There’s been a lot of talk recently, by our President and others, about gun violence and race relations. How to simultaneously address both? Have our country live up to its legal obligations under ICERD by putting a National Plan of Action in place.
It is beyond inappropriate to leverage the Charleston church massacre, an act of racial terror, to push for background checks on gun sales when that measure, as reported by major news agencies, did not prevent the crime, nor was it designed to capture those holding hateful beliefs. And doing so weakens the gun violence prevention movement by keeping the attempts to limit gun violence at an initiative-based level rather than a broader issue-based level that both recognizes the complex nature of gun violence and encompasses all segments of our society.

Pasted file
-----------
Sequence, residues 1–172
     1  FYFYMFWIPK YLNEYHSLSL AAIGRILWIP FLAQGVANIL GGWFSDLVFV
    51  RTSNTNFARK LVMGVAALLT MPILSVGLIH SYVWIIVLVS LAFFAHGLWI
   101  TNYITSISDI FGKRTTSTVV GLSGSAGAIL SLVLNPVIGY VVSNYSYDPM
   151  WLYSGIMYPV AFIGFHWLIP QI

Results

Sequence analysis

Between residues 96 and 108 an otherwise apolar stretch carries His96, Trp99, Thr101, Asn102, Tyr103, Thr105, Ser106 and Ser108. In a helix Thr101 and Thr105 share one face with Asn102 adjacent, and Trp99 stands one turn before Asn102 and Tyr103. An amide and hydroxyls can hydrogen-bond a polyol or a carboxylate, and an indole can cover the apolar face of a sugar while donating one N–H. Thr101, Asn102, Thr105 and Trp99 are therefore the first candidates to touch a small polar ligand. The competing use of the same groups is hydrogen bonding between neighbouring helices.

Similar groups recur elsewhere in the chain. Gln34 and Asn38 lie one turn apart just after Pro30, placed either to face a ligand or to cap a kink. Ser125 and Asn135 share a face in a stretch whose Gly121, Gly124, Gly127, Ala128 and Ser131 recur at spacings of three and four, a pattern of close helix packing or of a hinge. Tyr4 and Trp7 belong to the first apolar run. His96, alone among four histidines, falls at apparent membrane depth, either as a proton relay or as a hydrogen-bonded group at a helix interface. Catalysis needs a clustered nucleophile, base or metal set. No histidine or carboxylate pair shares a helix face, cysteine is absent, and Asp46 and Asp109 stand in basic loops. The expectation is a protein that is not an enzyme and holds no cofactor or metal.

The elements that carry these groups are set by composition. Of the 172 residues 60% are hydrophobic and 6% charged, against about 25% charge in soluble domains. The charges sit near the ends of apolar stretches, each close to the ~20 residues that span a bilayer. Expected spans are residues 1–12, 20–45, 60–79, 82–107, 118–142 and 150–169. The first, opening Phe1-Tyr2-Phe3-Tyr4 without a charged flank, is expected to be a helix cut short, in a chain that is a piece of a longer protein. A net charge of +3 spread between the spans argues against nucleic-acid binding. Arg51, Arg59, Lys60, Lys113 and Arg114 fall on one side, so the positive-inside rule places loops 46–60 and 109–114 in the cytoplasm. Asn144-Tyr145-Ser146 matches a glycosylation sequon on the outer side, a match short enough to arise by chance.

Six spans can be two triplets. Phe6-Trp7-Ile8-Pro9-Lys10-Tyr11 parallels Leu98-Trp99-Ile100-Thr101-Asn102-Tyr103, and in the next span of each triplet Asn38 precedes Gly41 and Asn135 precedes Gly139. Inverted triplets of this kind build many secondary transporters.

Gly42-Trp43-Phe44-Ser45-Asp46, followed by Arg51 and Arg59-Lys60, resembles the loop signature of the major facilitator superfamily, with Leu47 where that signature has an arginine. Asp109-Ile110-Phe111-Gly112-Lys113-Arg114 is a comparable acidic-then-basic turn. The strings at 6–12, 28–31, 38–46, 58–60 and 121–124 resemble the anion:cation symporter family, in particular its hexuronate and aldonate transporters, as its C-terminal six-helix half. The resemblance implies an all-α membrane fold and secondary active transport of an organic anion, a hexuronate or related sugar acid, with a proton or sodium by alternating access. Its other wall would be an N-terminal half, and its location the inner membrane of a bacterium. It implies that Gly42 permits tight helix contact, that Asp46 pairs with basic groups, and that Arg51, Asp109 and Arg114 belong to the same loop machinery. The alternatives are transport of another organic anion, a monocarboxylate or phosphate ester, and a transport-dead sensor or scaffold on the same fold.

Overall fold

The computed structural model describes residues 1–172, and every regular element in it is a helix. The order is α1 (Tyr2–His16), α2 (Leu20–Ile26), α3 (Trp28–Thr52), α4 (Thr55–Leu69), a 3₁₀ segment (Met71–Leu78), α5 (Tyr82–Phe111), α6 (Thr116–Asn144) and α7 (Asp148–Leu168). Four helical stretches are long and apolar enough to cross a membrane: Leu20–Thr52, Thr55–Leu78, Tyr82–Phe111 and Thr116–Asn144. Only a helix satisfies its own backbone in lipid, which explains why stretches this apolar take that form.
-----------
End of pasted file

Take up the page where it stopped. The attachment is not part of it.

To understand what happened in Charleston it becomes necessary to confront the horrific and enduring history of racial terrorism in this country, terrorism that continues to this day as part of a dangerous global movement uniting white supremacists across the US, Europe and Australia.
The GOP’s decision to reinstate tax cut policy in 2001 exposed their hand. It was not about deficit reduction, growing the economy, or job creation. It was about ideology and, no doubt, special interests. It was a backdoor approach where government revenue was cut in an attempt to curtail spending on popular programs they otherwise could not take head-on. This while obstructing the work of Congress, spinning a web of deceit about the benefits of their policy, and weakening our country’s financial standing. It’s time to play hardball during ‘fiscal cliff’ negotiations and force them to be specific about what spending cuts they are talking about to offset the tax benefits they wish to preserve for the wealthiest. They wouldn’t have the nerve.